The Story of Minnie Marquies

I copied tons of 19th century indictments from the Municipal Archives, and out of God knows how many I picked two to write about for my book about Blackwell’s Island. The thing is, I copied each of the other indictments for a reason. Something about the case drew me in. There was one case I copied years ago, and I’ve actually told her story in this blog before, Minnie Marquies. But I have a little more information now, and pictures.

Minnie Marquies, an 18 year old immigrant from France, was brought in on April 14, 1892, for starving her three children, Joseph, Harry, and Dolly, “so called although a boy,” the indictment read. Elbridge T. Gerry, of the New York Society for the Prevention of Cruelty to Children, decided to prosecute. (In those days the D.A. often authorized the Society to represent the City in court.) From the Society’s case records:

“Horrible is an exclamation that hardly expresses the conditions attendant upon the discovery made by an officer of the society who had been detailed to investigate a case of gross neglect existing in a tenement-house at No. 156 East Ninety-eight street.”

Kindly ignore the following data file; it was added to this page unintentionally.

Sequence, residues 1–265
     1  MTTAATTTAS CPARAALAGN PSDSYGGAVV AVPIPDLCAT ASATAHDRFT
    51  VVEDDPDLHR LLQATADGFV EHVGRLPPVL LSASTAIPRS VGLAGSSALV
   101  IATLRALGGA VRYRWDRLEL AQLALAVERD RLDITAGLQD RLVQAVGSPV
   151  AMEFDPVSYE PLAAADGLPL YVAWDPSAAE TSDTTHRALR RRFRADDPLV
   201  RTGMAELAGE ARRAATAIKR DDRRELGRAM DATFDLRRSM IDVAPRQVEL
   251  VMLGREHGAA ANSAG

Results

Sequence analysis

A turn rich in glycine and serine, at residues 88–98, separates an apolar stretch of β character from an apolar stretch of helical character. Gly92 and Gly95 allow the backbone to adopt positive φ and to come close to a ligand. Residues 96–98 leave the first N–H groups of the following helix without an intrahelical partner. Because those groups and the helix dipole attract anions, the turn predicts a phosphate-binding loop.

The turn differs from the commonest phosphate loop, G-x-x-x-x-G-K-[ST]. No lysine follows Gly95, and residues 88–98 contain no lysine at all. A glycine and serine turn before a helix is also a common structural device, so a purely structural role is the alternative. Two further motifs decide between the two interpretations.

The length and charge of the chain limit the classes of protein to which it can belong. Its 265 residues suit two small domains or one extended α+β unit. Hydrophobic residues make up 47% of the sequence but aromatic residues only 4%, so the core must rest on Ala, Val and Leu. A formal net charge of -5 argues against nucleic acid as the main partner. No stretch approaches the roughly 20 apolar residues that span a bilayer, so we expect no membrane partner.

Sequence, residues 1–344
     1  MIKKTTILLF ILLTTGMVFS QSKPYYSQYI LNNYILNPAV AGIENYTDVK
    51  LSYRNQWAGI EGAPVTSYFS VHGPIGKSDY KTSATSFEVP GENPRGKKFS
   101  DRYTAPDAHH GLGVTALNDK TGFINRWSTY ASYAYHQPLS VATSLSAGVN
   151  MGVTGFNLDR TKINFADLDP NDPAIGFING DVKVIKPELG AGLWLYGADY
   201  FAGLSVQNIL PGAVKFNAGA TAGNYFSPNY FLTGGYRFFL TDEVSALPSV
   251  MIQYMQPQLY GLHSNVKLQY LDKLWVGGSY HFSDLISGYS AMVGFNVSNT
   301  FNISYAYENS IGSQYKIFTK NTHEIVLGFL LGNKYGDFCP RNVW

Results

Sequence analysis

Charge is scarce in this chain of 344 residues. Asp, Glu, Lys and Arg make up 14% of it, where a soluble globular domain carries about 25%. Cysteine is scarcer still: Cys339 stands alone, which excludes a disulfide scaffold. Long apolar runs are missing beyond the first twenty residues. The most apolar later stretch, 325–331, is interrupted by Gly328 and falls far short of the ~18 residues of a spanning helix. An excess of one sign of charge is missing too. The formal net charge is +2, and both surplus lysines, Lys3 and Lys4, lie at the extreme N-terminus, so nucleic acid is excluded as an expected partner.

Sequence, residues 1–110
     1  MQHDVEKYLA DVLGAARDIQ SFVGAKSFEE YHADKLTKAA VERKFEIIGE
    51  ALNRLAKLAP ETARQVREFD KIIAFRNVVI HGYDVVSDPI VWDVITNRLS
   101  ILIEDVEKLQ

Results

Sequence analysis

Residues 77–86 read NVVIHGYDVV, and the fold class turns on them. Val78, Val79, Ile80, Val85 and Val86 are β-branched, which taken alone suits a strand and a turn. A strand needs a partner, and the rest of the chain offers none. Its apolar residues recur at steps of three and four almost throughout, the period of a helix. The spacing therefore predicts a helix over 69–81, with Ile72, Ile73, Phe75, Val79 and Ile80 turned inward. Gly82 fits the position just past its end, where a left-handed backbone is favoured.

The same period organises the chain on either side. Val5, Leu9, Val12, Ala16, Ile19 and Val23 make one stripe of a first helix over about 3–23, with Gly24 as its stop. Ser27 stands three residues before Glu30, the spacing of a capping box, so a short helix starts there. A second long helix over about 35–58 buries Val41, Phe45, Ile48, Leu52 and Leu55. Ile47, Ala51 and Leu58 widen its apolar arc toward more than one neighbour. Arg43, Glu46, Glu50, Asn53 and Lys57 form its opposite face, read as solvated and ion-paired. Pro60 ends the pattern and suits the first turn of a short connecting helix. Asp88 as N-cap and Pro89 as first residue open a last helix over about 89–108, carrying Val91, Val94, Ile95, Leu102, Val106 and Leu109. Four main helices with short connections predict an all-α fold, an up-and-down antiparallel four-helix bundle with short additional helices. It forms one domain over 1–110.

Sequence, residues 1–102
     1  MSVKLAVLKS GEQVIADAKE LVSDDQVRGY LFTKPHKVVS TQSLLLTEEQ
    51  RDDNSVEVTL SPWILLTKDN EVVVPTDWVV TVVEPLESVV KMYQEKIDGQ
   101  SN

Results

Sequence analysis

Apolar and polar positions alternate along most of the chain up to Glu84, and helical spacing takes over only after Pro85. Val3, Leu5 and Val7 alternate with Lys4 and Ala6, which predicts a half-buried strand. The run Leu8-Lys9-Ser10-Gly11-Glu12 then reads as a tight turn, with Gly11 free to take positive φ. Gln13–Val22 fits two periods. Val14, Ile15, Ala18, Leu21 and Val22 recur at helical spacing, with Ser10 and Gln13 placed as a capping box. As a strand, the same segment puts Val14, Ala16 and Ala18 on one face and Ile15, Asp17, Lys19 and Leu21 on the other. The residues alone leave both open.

The officer found “A wretchedly filthy room in the basement,” and “a scene that could not be obliterated from the memory for years to come. Three children — the eldest not over 5 years of age and the youngest, a mere infant — lying on the floor without a remnant of clothing to cover their little forms, and in as pitiable a state as the utmost misery could place them.”

“James, the eldest, trembled violently [the oldest boy’s name was actually Joseph] … while Harry, aged 3 years, was so reduced by starvation that he had the appearance of a three months’ old child, and his tiny limbs were unable to bear the burden of his body, and the baby was nearly unconscious from extreme neglect and lack of nourishment.”

“It is hardly necessary to say that the society vigorously prosecuted the young woman on a complaint of endangering the lives’ of the little ones. The statute was not severe enough to meet the abuse inflicted.”

Dolly and Harry. (More of the story below …)